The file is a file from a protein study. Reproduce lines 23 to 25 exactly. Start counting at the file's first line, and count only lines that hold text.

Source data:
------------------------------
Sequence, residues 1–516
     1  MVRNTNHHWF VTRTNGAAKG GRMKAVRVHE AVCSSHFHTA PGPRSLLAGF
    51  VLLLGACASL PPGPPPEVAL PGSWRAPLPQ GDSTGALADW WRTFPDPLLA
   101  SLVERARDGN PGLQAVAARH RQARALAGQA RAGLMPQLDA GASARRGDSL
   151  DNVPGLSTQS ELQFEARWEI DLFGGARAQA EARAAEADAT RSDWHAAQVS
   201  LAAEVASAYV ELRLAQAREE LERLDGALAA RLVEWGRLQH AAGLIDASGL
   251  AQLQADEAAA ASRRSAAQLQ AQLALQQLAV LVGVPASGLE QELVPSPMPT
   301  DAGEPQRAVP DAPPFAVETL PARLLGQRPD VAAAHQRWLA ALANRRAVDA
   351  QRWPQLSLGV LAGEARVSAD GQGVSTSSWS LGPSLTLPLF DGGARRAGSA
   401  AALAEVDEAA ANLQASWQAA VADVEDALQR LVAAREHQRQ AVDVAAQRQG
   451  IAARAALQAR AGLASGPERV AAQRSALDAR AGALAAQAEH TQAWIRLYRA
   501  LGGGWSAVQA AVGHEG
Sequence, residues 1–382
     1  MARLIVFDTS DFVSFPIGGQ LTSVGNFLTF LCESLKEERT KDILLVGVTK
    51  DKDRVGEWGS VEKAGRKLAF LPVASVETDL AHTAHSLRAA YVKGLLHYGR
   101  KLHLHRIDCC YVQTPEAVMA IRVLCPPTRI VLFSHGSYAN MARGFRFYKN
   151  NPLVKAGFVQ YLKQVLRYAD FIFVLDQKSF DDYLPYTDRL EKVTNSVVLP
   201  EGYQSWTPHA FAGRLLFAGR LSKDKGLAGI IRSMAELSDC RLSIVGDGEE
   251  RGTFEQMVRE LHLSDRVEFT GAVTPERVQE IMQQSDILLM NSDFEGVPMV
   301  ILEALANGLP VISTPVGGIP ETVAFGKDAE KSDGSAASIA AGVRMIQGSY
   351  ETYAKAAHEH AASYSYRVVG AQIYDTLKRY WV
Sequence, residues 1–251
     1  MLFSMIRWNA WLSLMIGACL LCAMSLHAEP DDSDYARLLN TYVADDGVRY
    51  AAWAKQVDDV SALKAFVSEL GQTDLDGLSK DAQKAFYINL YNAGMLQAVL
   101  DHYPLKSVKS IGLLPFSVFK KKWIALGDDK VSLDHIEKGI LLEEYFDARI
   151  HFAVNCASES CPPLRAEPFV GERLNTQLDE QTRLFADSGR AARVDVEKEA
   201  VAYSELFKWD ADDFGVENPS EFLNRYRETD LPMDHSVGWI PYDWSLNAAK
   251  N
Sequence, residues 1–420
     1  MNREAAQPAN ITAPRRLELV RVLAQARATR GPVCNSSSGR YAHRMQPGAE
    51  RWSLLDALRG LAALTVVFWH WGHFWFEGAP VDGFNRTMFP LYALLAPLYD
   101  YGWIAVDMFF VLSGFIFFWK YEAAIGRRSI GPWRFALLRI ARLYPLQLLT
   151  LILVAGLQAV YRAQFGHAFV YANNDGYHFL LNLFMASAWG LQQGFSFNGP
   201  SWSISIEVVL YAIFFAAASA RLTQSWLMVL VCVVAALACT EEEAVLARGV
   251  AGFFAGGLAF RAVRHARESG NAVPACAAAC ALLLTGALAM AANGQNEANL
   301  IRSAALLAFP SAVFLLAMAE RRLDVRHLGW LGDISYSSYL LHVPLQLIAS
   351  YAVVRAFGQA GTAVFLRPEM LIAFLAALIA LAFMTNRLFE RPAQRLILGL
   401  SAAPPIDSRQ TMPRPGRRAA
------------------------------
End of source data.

     1  MLFSMIRWNA WLSLMIGACL LCAMSLHAEP DDSDYARLLN TYVADDGVRY
    51  AAWAKQVDDV SALKAFVSEL GQTDLDGLSK DAQKAFYINL YNAGMLQAVL
   101  DHYPLKSVKS IGLLPFSVFK KKWIALGDDK VSLDHIEKGI LLEEYFDARI